The last deployment on Friday went well: no service interruptions or incidents. All technical monitoring is green. However, on Monday morning, customer complaints were raised.
Our Definition of Done does not include Functional monitoring. The team culture did not yet have this reflex in its interactions, where a checklist would have been helpful.
A systematic structure can help us improve the quality of our software building processes. A technique resulting from the consulting practice is available: MECE.
This article shares the definition, value, and how to use MECE in the context of Quality Engineering. Have a good read and use your notepads as practice reinforces understanding.
What is MECE?
MECE is the acronym for “Mutually Exclusive and Collectively Exhaustive“. Its use is associated with McKinsey in the 1960s (disclaimer: I have no action in the company as already mentioned in other articles, I just like structure). Both elements ME and CE must be present.
The MECE concept consists of creating “lists of lists” of elements at the same time exhaustive and without collisions within their list. It is recommended to have comparable elements to a maximum of 3 for an argument. Once created, we must take a step back from possible inconsistencies and errors.
MECE brings several advantages. The clarity of the structure facilitates more intuitive exchanges between the stakeholders. The systematic list-building approach also limits the risk of forgetting. Finally, we can work more efficiently by avoiding overlapping themes.
Interesting in a consulting context, what use is MECE can we make in Quality Engineering?
Why use MECE for Quality Engineering?
Our approach to Quality Engineering consists of injecting quality into our software ecosystem, from culture to operations. Our business may seem far removed from the board, yet the structure has value in other ways.
The software world is full of lists: functional and non-functional needs, white-box and black-box tests. We can split the non-functional requirements into another list: reliability, maintainability, etc. The software world also requires a capacity for change management and influence, hence the importance of logic.
Argumentation is a ubiquitous art in the history of humanity, which the Greeks widely disseminated. Over time, several models have appeared (yes, lists again). Deductive or inductive reasoning is the most commonly found, although chronological, structured, or comparative models can also be combined. Their strength reveals in a structured argument.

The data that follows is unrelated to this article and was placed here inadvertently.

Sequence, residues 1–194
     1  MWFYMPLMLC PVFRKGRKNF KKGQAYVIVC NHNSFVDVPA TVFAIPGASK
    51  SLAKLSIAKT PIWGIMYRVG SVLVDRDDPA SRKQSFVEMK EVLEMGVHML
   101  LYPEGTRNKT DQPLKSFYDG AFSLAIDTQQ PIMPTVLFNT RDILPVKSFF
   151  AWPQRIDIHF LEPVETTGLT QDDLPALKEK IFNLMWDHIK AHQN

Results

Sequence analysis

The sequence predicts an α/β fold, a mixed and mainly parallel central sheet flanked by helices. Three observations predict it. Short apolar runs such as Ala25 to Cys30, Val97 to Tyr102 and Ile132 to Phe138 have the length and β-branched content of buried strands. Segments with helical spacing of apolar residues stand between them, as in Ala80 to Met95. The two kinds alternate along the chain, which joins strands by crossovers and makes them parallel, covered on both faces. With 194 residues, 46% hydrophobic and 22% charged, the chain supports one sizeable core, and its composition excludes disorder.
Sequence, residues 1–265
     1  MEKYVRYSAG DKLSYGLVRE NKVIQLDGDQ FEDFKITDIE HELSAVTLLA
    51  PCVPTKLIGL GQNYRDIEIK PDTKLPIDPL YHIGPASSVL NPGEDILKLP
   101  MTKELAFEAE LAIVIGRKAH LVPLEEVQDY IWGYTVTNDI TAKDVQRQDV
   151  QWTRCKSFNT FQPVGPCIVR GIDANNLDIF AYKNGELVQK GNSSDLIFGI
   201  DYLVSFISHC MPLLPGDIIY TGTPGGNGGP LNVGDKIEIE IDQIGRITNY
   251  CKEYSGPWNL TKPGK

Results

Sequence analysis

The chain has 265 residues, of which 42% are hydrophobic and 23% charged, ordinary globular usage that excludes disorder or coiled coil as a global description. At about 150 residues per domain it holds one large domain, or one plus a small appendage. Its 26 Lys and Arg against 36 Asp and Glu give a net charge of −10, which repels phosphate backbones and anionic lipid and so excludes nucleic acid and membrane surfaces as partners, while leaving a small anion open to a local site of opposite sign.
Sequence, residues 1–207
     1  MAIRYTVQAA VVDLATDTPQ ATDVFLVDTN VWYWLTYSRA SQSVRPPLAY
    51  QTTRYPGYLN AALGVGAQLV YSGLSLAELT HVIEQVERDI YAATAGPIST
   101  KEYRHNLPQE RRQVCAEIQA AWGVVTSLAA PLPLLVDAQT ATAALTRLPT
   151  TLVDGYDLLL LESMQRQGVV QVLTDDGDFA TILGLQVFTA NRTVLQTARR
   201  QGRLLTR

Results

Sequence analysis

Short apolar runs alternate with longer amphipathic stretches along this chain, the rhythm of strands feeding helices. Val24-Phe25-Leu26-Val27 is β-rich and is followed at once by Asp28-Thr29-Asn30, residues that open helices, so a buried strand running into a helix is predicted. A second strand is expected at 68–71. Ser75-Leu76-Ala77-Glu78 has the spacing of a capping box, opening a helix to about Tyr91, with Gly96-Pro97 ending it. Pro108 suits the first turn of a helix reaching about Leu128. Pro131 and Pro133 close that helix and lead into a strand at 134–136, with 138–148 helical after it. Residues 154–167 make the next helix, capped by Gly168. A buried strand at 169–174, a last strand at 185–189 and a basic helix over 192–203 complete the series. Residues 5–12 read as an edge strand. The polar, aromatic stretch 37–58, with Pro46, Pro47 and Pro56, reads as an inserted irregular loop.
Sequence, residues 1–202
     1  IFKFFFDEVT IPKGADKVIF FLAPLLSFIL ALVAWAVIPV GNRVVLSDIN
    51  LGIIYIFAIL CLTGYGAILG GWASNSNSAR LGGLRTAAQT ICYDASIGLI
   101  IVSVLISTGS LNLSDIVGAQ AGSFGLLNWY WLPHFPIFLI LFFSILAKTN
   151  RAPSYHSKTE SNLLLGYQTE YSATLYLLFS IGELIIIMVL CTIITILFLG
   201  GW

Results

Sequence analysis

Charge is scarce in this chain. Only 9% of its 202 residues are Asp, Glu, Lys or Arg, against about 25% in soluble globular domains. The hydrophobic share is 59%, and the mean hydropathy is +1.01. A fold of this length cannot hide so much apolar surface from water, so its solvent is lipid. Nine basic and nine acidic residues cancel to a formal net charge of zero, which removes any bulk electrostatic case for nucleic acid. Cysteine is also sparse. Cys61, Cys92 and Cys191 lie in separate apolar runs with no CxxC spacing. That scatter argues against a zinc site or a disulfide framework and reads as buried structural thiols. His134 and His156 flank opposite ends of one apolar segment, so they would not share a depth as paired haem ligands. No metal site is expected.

We can apply MECE to the software value chain, starting with the need.
Using MECE to improve requirements
The requirements collection is a challenging exercise where several practices must be balanced. Using MECE list helps us to structure our preparation, questioning, and expression of need.
The need begins by answering the two questions of “Why?” and “For what”. It is a process where we have to act as Question Asker in the role of Quality Assistance as mentioned in this round-table. Our goal is to explore the need to reduce the number of forgotten subjects, which are very costly at the end of the chain.
Let us take the case of setting up a new digital service for customers. Beyond the functional need, we can identify the channels affected by the project: the site, the mobile application, the stores? The types of customers must also be validated: are we just talking about the B2C model or others? It may seem trivial, but projects that have forgotten a significant area of need are common.
We are starting to see that MECE brings value when combined with other skills. We can improve our active listening, requirements engineering, and domain knowledge with the MECE structure. Practice and preparation remain fundamental; we must have the lists ready before the meeting. In this example, the technical design requiring balancing needs and constraints will be greatly facilitated by a good structuring of the requirements upstream.
We can also improve on a more than recurring topic, problem-solving.
Using MECE to improve our problem-solving
MECE was created to support solving complex problems that McKinsey faced. The famous boxes well-structured ensure a better reflection and possible parallelization of the hypotheses to be explored.